It was hard to leave Montreal knowing I may have to wait a very long time before I sunk my teeth into another one of those buttery and flaky almond croissants. I developed an addiction to them and I did not feel one bit guilty!
The two days we spent in Montreal revolved around food.
For lunch there was a tasty, fresh vegan tofu sandwich with all kinds of veggies from Casa del Popolo.
For dinner there was diner food from Nickles, a Montreal chain restaurant. It was as good as to be expected given that it was diner food. We didn't go there for the food. It was the retro 1950s decor that lured us in, equipped with a jukebox, black and white tiled flooring, red vinyl stools and booths and chrome detailing. I kept it safe by ordering pan fried fish fillet and steamed veggies with a side Caesar salad. Yeah, I know, boring! No fries, no milkshake, no burger...
The second day in Montreal I struck gold! Breakfast was at a French-speaking restaurant. Luckily my husband is competent in French and did all the talking. I ordered Eggs Benedict with asparagus and mushrooms (a la forestiere) and the most ornate (and delicious) fruit salad I had ever seen!
Afterward we (husband and I) walked over to the Jean Talon farmer's market, which was nearby and we discovered the most amazing French bakery (Premiere Moisson) with mounds of pastries! I ordered a croissant aux almond (almond croissant), a decadent chocolate mousse bombe filled with molten caramel (chocolat piquant) and a bouchon (a less heady muffin oozing with caramel and pecans). So very delicious!
Just beyond the bakery was a vast expanse of fresh fruit and vegetables from the local farmer's market and I strolled the farmer's stalls ooh-ing and ahh-ing over all the beautiful produce. The mushroom stall with over 15 types of mushrooms really made me giddy with excitement. Lobster mushrooms and morel mushrooms along with your more familiar mushrooms oyster, shitake and cremini. I knew I had to come back again before we departed for Toronto the next morning.
For lunch I had...poutine! It was in the Old Montreal section at a touristy restaurant. It took over half an hour for the poutine to arrive but it was eaten in less than 10 minutes. It was good but I found the gravy a bit too salty for my taste. My favourite part was the cheese curds. If there were a "foods to eat before I die" list, I could now cross out poutine.
Just to digress briefly, although our trip was fantastic, there's also a lesson to be learned. Warning: Long convoluted story follows...
When we went to Old Montreal we parked the car in a metered parking lot nearby. We paid for a parking pass. Placed it on the dashboard and left. We arrived back to the lot after 3 hours and our car was gone! We soon discovered a sign above the parking meter machine, that we absent-mindedly did not see indicating that cars will be towed if they did not pay the correct amount for parking. We had paid our fare so why did we get towed? Seems the instructions for parking in this lot were very confusing - written with a pen on a piece of paper taped to the ticket machine and bleached out from the sun. Barely legible. Earlier that day we concluded that $10 should cover it as it was indicated on the scribbled paper that after 2pm it was $10 and we were coming up to 2pm...but it was in fact $13 maximum that we should have paid.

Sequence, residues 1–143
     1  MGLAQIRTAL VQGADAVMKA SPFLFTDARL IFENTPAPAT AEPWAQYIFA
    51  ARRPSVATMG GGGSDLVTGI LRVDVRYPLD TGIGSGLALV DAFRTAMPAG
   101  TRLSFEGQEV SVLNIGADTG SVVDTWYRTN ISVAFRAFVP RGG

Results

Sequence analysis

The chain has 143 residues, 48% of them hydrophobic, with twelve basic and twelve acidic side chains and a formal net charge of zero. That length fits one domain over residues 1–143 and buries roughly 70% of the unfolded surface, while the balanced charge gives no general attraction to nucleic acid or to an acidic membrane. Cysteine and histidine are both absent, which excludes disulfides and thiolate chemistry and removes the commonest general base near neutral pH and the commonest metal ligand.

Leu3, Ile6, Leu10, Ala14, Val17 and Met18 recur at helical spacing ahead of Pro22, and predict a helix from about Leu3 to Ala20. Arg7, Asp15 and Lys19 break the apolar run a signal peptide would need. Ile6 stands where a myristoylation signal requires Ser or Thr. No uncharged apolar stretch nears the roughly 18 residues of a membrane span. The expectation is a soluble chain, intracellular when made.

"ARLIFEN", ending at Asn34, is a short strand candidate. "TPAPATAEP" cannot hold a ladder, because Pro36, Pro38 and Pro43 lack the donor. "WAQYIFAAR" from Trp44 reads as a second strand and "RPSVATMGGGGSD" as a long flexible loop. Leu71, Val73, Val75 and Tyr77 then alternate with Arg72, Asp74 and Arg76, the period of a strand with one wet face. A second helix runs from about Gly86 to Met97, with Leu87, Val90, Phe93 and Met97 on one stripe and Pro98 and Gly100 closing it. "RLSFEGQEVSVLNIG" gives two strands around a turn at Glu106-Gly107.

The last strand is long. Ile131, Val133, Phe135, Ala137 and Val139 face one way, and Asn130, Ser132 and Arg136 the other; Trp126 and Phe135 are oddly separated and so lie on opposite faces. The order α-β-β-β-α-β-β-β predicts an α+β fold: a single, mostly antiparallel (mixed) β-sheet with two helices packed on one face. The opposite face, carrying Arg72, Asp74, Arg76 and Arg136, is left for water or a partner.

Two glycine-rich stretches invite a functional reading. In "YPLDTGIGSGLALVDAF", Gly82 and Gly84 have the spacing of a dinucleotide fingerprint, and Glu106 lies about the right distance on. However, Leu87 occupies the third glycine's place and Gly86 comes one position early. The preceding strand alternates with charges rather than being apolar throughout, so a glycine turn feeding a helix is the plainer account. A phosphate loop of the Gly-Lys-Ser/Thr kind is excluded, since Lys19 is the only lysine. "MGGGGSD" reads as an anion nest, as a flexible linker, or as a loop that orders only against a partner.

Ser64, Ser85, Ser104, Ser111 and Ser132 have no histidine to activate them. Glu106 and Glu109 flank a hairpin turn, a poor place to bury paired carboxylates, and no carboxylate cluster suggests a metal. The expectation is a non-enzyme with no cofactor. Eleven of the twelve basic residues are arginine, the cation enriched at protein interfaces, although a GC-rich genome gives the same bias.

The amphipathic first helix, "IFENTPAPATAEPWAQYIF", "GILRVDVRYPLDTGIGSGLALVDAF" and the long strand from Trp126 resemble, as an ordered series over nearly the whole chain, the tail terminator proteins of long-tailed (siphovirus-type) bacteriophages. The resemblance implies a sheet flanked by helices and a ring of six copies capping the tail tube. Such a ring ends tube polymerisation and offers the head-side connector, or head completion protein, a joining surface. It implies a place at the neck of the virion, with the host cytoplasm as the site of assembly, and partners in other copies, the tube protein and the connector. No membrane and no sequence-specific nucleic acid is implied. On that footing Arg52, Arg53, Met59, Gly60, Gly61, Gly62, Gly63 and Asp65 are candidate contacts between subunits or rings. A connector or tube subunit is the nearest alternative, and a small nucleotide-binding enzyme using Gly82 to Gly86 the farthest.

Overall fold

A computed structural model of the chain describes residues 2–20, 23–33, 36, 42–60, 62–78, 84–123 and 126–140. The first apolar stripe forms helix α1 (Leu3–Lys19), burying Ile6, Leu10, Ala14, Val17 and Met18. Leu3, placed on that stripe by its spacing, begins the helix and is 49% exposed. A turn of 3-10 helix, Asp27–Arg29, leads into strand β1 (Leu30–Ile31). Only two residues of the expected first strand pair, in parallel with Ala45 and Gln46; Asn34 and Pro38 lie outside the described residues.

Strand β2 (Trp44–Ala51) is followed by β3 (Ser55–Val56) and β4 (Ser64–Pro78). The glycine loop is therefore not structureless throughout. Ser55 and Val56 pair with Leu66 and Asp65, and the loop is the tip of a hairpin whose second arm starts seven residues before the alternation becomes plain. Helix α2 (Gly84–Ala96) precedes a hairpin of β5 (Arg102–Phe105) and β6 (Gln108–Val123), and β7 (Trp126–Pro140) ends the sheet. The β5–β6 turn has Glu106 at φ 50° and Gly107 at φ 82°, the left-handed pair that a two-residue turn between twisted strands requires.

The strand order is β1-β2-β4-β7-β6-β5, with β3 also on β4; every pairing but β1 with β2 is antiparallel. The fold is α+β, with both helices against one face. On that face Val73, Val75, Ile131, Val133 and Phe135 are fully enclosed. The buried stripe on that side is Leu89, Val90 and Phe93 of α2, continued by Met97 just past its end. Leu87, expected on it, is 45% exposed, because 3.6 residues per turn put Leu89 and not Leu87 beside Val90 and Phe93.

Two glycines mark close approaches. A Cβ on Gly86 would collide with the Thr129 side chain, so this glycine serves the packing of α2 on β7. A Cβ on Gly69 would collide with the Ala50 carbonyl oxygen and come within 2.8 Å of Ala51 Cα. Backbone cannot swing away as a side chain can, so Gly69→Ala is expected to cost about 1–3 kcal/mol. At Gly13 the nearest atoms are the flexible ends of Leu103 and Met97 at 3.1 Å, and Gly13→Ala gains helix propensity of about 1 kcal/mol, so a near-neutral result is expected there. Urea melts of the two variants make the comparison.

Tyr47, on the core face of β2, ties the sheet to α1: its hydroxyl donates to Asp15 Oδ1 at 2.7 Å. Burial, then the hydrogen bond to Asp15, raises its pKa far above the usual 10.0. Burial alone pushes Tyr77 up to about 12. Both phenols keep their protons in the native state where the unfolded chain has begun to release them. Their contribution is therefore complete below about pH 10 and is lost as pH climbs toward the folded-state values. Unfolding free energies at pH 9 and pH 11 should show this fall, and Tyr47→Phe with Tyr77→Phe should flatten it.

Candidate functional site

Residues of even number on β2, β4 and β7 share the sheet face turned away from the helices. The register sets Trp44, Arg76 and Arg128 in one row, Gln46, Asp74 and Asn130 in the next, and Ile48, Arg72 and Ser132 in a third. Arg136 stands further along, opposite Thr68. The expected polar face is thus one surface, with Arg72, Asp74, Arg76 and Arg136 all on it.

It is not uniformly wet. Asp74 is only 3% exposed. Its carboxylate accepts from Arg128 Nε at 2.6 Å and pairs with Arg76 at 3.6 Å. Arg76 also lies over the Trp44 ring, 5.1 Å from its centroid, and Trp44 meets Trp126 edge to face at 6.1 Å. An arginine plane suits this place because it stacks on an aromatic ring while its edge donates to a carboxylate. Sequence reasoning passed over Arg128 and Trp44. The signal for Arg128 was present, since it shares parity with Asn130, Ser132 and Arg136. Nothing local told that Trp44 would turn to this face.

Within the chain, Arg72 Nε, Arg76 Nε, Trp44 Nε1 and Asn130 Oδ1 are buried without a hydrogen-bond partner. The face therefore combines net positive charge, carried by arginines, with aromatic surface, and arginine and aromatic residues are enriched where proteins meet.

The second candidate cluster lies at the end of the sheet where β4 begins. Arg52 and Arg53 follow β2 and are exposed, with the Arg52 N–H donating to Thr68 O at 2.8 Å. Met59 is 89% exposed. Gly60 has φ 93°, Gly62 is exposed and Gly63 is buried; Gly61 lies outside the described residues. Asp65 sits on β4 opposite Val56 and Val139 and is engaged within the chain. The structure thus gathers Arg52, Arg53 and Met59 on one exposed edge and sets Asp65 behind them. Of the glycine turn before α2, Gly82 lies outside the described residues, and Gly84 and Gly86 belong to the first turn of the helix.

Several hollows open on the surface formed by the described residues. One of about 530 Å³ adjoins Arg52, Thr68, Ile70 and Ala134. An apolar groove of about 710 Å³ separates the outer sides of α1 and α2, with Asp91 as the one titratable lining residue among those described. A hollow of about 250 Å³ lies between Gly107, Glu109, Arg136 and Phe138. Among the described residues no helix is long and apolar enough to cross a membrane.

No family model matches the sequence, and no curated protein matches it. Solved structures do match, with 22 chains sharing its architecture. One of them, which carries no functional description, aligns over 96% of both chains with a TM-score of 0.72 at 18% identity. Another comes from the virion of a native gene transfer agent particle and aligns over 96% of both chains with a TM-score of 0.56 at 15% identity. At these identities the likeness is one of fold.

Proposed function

Our rental car had been towed!! A 20 minute cab ride and $12 later we were at a impounded car lot with a one-armed woman behind a shatterproof glass partition and a large barking German shepherd dog. No word of a lie. I know it sounds like a scene from a David Lynch (or Quentin Tarantino) movie. We had to pay the fine for being towed. This royally sucked big time. I insisted to my husband that we cancel our restaurant reservations at a fancy pants restaurant called Brasserie t! and instead we decided to go out for tapas. This was a smart decision!!!
Dinner was a phenomenal meal at a (recommended by friends) Spanish restaurant. Those feta cheese fried balls (in the photo below) drizzled with honey and caramelized onions were superb! The squid was soft and melted in your mouth. The stewed chickpeas had a hint of cumin and the rapini was al dente and garlicky. The Sangria was quite sweet (my kind of drink); I consumed 3 glasses of Sangria and quickly forgot about our towing drama of earlier.
The next morning prior to our departure from Montreal, we drove back up to the amazing bakery "Premiere Moisson" at Jean Talon's farmer's market. Another gorge-fest ensued with (again!) the fabulous almond croissant and a Chausson aux pommes (apple turnover) along with the freshest sandwiches ever. The bread was airy and light with a crispy crust on the outside. I had brie cheese with tomato and spinach sandwich on a mini olive baguette. The bread inside was slathered with fresh creamy butter. Oh man...fresh butter! So good!
Several stops at the fruit and veggie stands and my hands were hauling bags of sweet cherry tomatoes, fresh green beans, fresh fava beans, assorted coloured peppers (purple!), assorted coloured baby carrots (yes, purple too!), long white eggplant, a pound of juicy, tart apples, the sweetest and juiciest strawberries ever and a basket of ground cherries which are my new favourite fruit. Thank you Montreal for introducing them to me.
It was a bit sad to leave such an amazing food experience, we drove home with our farmer's market purchases and delicious pastries for the road trip. I savoured every crumb.
I can seriously see myself living in Montreal. The food alone is enough to lure me there. But I'm told the winters there are much harsher than in Toronto. Hmm, maybe I need to think about this a bit more.